Campus & Community

Exercise boosts health of HIV-infected women

2 min read

Dramatic physical, mental improvement seen

Betsy Lincoln felt pregnant all the time. Loss of muscle tone in her face, arms, and legs made her look so bad, she didn’t want to leave her apartment. She had little strength or endurance. Lifting one of her children or climbing a flight of stairs exhausted her.

Lincoln (not her real name) is representative of many of the estimated 250,000 women in the United States infected with HIV (human immunodeficiency virus), or the deadly AIDS it causes. And that number is rising. In this country, most of the women are minorities and poor, with limited access to medical care. Recent research also suggests that they may be at increased risk for heart disease. Even the drugs they take to keep their infection under control can cause unwanted changes in body fat and loss of energy.

“Their waistlines are, on average, 20-25 percent above the normal range,” says Steven Grinspoon, associate professor of medicine at Harvard Medical School and Massachusetts General Hospital. “They can be socially stigmatized by their disease, and the side effects may make them less likely to take their prescribed HIV medications.”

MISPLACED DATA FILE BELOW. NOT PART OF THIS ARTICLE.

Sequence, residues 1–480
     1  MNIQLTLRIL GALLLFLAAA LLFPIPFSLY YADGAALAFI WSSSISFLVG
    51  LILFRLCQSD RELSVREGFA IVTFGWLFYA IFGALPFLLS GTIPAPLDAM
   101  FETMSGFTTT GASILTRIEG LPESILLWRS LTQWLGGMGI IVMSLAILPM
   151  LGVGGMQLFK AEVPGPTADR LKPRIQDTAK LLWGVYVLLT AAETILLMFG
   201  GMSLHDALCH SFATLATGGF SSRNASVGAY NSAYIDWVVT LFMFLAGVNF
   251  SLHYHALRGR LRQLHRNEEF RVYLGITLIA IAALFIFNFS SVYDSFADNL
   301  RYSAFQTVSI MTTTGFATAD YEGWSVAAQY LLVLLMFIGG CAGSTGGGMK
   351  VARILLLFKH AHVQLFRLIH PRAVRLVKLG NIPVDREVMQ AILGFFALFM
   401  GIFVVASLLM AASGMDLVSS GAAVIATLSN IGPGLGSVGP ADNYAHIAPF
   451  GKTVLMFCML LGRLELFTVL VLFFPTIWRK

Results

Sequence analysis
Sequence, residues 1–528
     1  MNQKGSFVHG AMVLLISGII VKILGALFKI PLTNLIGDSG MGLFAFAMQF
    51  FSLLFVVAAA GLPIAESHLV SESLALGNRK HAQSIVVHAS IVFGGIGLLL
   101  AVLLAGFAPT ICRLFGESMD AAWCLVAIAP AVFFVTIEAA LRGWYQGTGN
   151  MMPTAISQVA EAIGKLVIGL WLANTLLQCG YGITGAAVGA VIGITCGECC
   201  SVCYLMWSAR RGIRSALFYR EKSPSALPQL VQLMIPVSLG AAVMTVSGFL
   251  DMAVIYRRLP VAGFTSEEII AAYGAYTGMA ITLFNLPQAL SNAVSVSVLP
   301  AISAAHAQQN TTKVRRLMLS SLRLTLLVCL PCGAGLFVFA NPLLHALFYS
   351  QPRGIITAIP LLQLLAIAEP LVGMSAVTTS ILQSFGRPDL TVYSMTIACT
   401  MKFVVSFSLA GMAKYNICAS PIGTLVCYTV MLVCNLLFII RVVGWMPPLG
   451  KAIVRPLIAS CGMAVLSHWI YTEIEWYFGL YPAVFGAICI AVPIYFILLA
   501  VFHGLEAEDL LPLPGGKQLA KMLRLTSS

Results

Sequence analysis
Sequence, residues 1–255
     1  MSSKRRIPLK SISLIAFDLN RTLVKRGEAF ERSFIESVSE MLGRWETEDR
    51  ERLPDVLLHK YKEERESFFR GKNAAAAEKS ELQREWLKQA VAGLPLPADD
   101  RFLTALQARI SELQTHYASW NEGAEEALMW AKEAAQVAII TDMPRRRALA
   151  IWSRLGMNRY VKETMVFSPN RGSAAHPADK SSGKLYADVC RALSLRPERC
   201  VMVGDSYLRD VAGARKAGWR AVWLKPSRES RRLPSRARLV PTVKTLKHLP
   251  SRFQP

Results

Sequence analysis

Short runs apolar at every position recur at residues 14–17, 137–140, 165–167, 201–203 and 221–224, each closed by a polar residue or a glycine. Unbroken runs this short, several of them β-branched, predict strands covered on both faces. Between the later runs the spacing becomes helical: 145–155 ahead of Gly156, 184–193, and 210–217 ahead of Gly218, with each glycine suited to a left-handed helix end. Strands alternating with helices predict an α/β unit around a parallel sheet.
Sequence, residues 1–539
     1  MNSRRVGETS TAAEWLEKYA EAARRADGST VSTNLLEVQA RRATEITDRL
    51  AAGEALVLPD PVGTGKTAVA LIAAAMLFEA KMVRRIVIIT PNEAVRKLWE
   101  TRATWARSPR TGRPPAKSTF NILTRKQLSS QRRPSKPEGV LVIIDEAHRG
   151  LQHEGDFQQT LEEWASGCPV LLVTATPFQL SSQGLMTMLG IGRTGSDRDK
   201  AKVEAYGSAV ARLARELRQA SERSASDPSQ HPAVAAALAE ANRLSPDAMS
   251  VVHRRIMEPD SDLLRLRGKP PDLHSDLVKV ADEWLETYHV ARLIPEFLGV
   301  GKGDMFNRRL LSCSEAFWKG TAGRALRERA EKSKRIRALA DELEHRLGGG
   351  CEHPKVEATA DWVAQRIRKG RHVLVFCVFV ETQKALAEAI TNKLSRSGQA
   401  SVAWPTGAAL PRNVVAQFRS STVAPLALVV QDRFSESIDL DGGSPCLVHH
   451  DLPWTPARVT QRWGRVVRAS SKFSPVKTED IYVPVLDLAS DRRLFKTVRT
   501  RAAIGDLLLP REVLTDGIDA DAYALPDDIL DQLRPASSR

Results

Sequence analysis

“They wear their disease,” adds nurse practitioner and Ph.D. candidate Sara Dolan. “Because of changes in their body shape and image, they often avoid public places.”

With little time or money, going to the gym is out of the question, so Dolan, Grinspoon, and their Harvard-affiliated colleagues decided to bring the gym to them.

“These women face barriers to getting help they need and adhering to an exercise routine, including lack of child care and/or transportation,” Grinspoon points out. “The use of a home-based exercise program was selected to help break down these barriers and to improve chances that the exercises would be done as instructed.”

Physical therapists visited the women three times a week for 16 weeks. “This is the first time that the effects of supervised home exercise on HIV-infected women have been studied,” Dolan points out. “We found that such a program significantly increases their strength. We also saw improvements in heart/lung fitness, endurance, and body shape, particularly waist size.”